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Posted On: May. 11, 1997 12:00 AM CST


SAN FRANCISCO-Newly revised ergonomics standards from the California Occupational Safety and Health Standards Board are "confusing and will be costly to California business," an employer group says.

In a letter responding to Cal-OSHA's release last month of the revised standard, the Alexandria, Va.-based Center for Office Technology criticized three changes:

By removing the term "workplace" from the definition of repetitive motion injury, the board has broadened the standard and weakened the work-relatedness of the regulation.

Adding the specific tasks of "word processing, assembly and loading" implies a presumption that these tasks cause repetitive motion injuries.

The regulation does not state who should be responsible for determining whether the injury is predominantly caused by work.

Cal-OSHA was forced to revise the standard in January after it was rejected by the Office of Administrative Law for being disorganized and short on detail. It was the second time Cal-OSHA reworked the standard, which was required under 1993 workers compensation reform legislation.

If the OAL approves the revised standard this time, it will take effect by mid-January 1998, making California the first state with an ergonomic standard to protect workers.


CHICAGO-Statute of limitations provisions prevent an individual who learned of age discrimination against him two years after the alleged incident from suing, a judge for the U.S. District Court for the Northern District of Illinois ruled last month.

In 1994, Gary L. Gastineau interviewed for a position as a sales representative in the Chicago office of Austin, Nichols & Co. Mr. Gastineau was not offered a job, he was told, because ANCO superiors in New York refused to approve the hire, not because of his age, which he inquired about, according to court papers.

Two years later, Mr. Gastineau learned that indeed the wine and spirits distributor did not hire him because he was over 40.

Mr. Gastineau subsequently filed an age discrimination charge with the Equal Employment Opportunity Commission and later a lawsuit against ANCO alleging violations of the Age Discrimination in Employment Act of 1967.

In Illinois, and in every other state but two, a plaintiff seeking to pursue a civil action for age discrimination must first file a charge of discrimination with the EEOC within 300 days of the alleged unlawful employment practice. In Louisiana and Mississippi, plaintiffs have 180 days to file a charge. Mr. Gastineau filed his charge nearly 900 days after the alleged discrimination occurred.

Mr. Gastineau argued the statute of limitations should be delayed because it was not until two years after the incident occurred that he learned his age was the determining factor in ANCO's decision not to hire him.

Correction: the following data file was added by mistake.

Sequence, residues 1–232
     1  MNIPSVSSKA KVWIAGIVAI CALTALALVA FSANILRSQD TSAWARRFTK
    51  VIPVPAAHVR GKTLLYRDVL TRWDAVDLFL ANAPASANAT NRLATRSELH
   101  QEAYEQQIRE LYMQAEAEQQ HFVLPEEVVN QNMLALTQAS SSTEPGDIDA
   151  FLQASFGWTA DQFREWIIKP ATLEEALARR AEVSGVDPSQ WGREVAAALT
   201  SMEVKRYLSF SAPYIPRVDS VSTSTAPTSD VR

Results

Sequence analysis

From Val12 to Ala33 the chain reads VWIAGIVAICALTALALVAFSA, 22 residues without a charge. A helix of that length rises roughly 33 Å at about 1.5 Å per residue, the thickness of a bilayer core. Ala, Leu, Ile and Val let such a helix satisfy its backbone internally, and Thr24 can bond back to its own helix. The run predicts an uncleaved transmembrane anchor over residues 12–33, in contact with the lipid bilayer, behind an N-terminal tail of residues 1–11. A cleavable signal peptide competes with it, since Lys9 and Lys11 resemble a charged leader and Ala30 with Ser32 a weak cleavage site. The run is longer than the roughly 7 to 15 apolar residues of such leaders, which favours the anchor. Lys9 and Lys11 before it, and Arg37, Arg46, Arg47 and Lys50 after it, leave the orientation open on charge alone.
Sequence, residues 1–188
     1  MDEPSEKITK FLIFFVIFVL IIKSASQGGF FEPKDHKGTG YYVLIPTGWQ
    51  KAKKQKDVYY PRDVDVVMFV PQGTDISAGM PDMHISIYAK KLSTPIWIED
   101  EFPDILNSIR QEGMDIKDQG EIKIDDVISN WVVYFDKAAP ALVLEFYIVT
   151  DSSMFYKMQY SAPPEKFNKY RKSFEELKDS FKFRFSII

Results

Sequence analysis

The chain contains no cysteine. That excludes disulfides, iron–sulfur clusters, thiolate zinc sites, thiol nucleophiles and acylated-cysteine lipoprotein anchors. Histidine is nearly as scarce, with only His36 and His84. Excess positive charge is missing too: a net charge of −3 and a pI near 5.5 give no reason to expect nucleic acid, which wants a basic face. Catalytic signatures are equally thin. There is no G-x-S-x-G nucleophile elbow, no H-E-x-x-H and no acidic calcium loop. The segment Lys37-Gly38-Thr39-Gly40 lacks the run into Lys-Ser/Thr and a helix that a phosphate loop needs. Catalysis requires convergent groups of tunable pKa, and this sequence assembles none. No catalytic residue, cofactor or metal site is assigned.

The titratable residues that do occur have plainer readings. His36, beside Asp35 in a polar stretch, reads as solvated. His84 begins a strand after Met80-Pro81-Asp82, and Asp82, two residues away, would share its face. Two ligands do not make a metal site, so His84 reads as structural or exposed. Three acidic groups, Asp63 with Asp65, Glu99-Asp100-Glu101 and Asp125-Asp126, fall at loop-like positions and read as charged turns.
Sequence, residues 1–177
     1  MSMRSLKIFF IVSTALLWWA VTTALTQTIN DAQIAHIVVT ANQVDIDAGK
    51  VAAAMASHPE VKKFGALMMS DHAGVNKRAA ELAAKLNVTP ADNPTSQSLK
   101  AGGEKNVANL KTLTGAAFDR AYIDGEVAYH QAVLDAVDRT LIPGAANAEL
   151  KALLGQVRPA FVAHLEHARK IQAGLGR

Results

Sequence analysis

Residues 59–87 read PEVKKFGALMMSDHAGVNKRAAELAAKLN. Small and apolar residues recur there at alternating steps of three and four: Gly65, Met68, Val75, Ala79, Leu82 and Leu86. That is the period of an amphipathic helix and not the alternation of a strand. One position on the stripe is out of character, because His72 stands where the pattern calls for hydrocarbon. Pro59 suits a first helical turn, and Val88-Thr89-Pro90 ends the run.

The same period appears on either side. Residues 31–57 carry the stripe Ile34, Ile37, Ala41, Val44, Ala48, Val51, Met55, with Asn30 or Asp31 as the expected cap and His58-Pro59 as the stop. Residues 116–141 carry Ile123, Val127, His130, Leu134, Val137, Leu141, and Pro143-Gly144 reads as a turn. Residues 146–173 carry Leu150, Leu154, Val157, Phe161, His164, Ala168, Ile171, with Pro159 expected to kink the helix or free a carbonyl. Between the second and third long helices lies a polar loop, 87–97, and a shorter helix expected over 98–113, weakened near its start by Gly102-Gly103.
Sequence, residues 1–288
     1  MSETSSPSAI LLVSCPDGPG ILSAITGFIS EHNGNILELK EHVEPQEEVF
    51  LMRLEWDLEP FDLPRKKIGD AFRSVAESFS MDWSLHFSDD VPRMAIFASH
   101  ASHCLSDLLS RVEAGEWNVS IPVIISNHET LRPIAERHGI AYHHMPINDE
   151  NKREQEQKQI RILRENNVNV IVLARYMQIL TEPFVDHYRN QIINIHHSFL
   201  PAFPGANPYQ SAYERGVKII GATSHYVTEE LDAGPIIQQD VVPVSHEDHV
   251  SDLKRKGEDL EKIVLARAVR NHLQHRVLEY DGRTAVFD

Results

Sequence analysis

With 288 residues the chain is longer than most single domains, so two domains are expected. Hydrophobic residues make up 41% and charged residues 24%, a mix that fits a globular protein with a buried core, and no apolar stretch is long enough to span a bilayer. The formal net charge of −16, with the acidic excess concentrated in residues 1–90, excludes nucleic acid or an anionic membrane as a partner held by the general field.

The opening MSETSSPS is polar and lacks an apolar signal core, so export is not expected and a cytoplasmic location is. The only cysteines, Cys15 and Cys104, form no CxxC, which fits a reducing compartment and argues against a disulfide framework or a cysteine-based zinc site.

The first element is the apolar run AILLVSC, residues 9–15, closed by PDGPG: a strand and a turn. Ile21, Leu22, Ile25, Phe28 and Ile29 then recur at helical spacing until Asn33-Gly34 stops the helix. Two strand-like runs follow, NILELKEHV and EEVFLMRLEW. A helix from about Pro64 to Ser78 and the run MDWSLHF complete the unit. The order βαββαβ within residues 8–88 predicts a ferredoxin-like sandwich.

In quoting a decision issued in another case, Judge David H. Coar ruled that "a mere denial of liability cannot be the foundation of an equitable estoppel. Otherwise statutes of limitations would be toothless.*.*.*.It is not the denial of liability or a refusal to cooperate in making the plaintiff's case that extends the statute of limitations but affirmative efforts to delay the plaintiff's bringing suit."


TOPEKA, Kan.-Kansas Gov. Bill Graves has signed a bill that deregulates commercial property/casualty insurance rates in the state.

The measure, H.B. 2081, will create a competitive rating system in Kansas, one of 15 or so states left with a prior-approval rating system.

Kansas' measure, which won the overwhelming approval of both houses of the Legislature, pertains only to commercial property/casualty rates in the state, not to personal lines.

The bill will preserve the Kansas Department of Insurance's authority to intervene if the state commissioner decides the market is not competitive.


CIGNA Corp. said that its subsidiary, CHC Acquisition Corp., is extending its offer to purchase all outstanding shares of common stock of Healthsource Inc. to May 30 from April 30 (BI, March 10). A CIGNA spokesman said the offer has been extended because the company has not yet received all of the required state regulatory approvals, though these "are progressing as we expected."

. . .S. 543, the Volunteer Protection Act, a congressional measure that would grant volunteers limited immunity against civil suits stemming from their charitable activity, won Senate approval May 1 by a 99-1 vote. . . .Zurich Insurance Co. does not have a duty to defend certain physicians under the company's contracts with silicone breast implant maker Dow Corning Corp., a Texas appellate court has ruled. The physicians had argued that they should be covered as additional policyholders under vendor endorsements to six insurance contracts Zurich entered into with Dow Corning between 1989 and 1994. However, the court ruled that the doctors were not covered under the endorsements because the sale of breast implants was not their sole occupation. . . .Legislation introduced earlier this month by Rep. Harris Fawell, R-Ill., and supported by several dozen business groups, would allow employers to band together and purchase or self-insure their health care benefits and be exempt from state-mandated benefits rules. . . .A Michigan circuit court recently declared First Security Casualty Co. of Madison Heights, Mich., insolvent and slated it for liquidation. The insurer wrote primarily auto and liquor liability coverages. . . .Ohio's new managed care program requires workers compensation claimants to obtain drugs through pharmacies or a mail-order service operated by RxNet Inc., a Fresno, Calif.-based subsidiary of ValueRx Inc. . . .The U.S. Chamber of Commerce is joining the Montana Chamber of Commerce to try to overturn a state law that prohibits businesses from spending corporate money to support or defeat ballot initiatives.